One of the most potent teachings I ever received was presented in an unusual way.
I was meeting with a mentor for a reason I no longer recall. We sat face to face, knees a foot apart. I cannot remember whether our conversation had started or not. I do know, however, that at a certain point the person across from me leaned forward. He placed his mouth near one ear and whispered, “Don’t go broad, go deep.”
He sat back upright immediately. There was no lingering, There was no suggestive pause. A gentle smile lifted his face as he went on with whatever our dialogue was ‘supposed’ to be about. These words – “Don’t go broad, go deep.” – and their strange delivery were never acknowledged, never explained.
These last facts have left me a lot of room to consider this exchange over the years. Why did this happen? Was similar advice given to others? What might the meaning of this be? What was the purpose? While I long ago gave up ascribing anything definitive to such questions, they nonetheless percolate away – offering occasional insight and perspective.
This morning, for instance, some reflections upon the challenges of ‘going deep’ came up. We live in a consumer culture, after all. A culture in which societal well-being and personal worth is often defined in terms of the things – the cars and homes, the jobs and recreations, the books and workshops and holidays – the things we are able to access and accumulate.
Given this, is it any wonder so many of us find ourselves bouncing from this to that throughout our day? Ricocheting from thought to thought? Careening from one thing after another in pursuit of the ‘good life’ until – well, until we find ourselves moving so quickly and engaging in so many ways that life passes in a blur. We might enjoy a kind of breadth of life, but the depths – the richness, the mysteries, the subterranean undercurrents that pull us forward – pass for the most part unnoticed.
Meditation offers an alternative to this. When we sit down and place our attention in the body, when we stabilize in the soma, that culturally sanctioned impulse to consume – to devour things, people, thoughts, experiences – is brought to a relative standstill. As we develop our capacity to rest in this way, we gradually come into contact with what had previously passed unnoticed. Life’s depths become evident.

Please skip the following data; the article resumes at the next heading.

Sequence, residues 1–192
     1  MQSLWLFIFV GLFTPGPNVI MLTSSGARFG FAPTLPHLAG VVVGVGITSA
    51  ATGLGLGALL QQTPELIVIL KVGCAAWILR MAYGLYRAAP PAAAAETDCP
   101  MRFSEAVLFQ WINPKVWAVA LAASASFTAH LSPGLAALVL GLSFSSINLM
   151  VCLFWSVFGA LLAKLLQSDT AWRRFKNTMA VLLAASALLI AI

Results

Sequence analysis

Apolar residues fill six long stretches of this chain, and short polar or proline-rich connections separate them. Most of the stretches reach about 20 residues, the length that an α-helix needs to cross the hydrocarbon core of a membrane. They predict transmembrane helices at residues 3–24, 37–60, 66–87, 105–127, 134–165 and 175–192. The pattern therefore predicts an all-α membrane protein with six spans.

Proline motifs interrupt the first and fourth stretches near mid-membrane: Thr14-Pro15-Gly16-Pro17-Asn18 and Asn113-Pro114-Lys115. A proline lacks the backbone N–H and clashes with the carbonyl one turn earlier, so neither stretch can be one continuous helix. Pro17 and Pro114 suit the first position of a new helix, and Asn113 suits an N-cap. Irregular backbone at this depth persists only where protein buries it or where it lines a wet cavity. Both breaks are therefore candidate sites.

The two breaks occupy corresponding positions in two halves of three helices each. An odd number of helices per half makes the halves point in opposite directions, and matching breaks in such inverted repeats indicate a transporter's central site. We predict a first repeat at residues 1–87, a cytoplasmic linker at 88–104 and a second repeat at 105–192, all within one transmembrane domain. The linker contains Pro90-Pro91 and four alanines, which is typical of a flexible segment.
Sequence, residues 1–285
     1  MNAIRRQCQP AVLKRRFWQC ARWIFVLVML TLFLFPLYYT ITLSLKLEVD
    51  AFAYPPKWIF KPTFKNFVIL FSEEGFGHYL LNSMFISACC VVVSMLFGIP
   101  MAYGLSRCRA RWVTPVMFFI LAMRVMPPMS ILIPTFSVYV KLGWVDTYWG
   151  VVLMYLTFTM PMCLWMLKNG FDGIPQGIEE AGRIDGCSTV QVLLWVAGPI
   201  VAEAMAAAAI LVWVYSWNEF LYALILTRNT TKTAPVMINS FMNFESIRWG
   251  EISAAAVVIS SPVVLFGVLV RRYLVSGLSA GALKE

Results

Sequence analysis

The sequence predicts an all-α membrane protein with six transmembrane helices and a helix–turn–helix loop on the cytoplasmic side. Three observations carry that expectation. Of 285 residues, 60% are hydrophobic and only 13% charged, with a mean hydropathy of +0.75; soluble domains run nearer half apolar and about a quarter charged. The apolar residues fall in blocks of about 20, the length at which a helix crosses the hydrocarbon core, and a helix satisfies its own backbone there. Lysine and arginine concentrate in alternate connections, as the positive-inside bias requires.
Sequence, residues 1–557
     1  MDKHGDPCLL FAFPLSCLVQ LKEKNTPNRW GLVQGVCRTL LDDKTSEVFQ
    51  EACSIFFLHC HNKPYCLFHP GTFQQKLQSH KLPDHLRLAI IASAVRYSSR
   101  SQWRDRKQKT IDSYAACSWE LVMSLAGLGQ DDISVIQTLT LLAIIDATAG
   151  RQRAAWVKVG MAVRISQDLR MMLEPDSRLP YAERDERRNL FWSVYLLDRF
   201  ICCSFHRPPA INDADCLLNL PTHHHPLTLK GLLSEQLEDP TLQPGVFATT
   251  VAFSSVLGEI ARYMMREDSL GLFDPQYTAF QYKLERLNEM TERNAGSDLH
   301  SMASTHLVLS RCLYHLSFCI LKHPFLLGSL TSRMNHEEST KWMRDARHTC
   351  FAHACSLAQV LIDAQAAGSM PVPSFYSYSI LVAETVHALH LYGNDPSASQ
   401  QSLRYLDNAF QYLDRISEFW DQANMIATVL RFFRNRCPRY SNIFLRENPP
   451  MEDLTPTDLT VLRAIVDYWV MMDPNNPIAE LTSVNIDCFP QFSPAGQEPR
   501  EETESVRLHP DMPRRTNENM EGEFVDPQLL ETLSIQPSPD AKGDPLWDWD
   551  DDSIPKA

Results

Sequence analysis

Because of this, I often encourage students to view any meditation practice as a very good thing. Five minutes at one’s desk. Fifteen over lunch. A short Ten Points while awaiting sleep. All are to be acknowledged and celebrated for what they offer, what they bring into our lives.
“And yet,” Robertson Davies used to say. And yet…
It is equally important to acknowledge that – like everything else in our lives – meditation can be co-opted by the broad-based busy-ness noted above. It can become just one more thing we jam into our schedule, cram into its place between a morning run and the day’s first business meeting.
On a day-to-day basis this is fine, one could even say necessary. This approach allows us to bring the practice into our lives in an ongoing way. From time to time, however, it is extremely helpful to free meditation from the constraints of our daily schedule. To liberate this work from the limits of busy-ness as usual. To give our practice a little room to breathe, a little time to be.
Allowing an hour when we usually allocate twenty minutes, taking a morning when time presents itself, sitting twice some days all are ways we can do this. As is taking part in a workshop or program, which leads to this:
Both Saturday October 28 and Sunday October 29 offer day-long events at Royal Roads. Structured so people can attend one or both, these are intended to give all of us a chance to ‘stretch out’ our work with somatic meditation, to ‘stretch out’ our relationship with life itself. Put another way, they echo the words I received in one ear during that long ago meeting. They give us an opportunity to go deep.
I hope to see you there.